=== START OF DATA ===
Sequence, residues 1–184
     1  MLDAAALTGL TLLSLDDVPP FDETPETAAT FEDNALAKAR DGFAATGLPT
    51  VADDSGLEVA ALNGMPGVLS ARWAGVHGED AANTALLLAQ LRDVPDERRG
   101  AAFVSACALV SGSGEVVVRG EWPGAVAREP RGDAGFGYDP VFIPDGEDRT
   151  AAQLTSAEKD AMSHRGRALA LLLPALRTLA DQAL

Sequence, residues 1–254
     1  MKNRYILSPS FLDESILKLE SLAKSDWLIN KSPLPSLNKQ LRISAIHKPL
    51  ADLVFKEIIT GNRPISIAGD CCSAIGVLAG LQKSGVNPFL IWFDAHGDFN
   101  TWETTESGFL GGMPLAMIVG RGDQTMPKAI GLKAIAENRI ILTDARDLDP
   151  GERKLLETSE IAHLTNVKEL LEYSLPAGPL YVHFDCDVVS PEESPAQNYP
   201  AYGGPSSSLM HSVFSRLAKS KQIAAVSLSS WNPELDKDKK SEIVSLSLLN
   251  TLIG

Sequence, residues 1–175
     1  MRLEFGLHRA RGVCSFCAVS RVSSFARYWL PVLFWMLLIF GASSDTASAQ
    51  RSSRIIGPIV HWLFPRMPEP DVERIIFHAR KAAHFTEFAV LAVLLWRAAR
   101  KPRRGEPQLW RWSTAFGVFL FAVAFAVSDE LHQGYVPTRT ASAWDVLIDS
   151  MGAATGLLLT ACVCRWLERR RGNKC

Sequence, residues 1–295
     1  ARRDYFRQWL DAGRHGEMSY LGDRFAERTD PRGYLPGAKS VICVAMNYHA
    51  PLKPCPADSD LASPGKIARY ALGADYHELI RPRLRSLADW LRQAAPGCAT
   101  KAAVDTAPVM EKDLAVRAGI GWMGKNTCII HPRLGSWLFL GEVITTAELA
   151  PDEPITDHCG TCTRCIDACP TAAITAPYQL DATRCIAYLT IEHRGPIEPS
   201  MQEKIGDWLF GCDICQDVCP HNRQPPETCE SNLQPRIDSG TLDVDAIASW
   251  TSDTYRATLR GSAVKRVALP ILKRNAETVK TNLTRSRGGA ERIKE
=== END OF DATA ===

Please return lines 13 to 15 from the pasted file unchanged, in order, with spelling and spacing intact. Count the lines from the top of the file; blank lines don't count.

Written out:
Sequence, residues 1–175
     1  MRLEFGLHRA RGVCSFCAVS RVSSFARYWL PVLFWMLLIF GASSDTASAQ
    51  RSSRIIGPIV HWLFPRMPEP DVERIIFHAR KAAHFTEFAV LAVLLWRAAR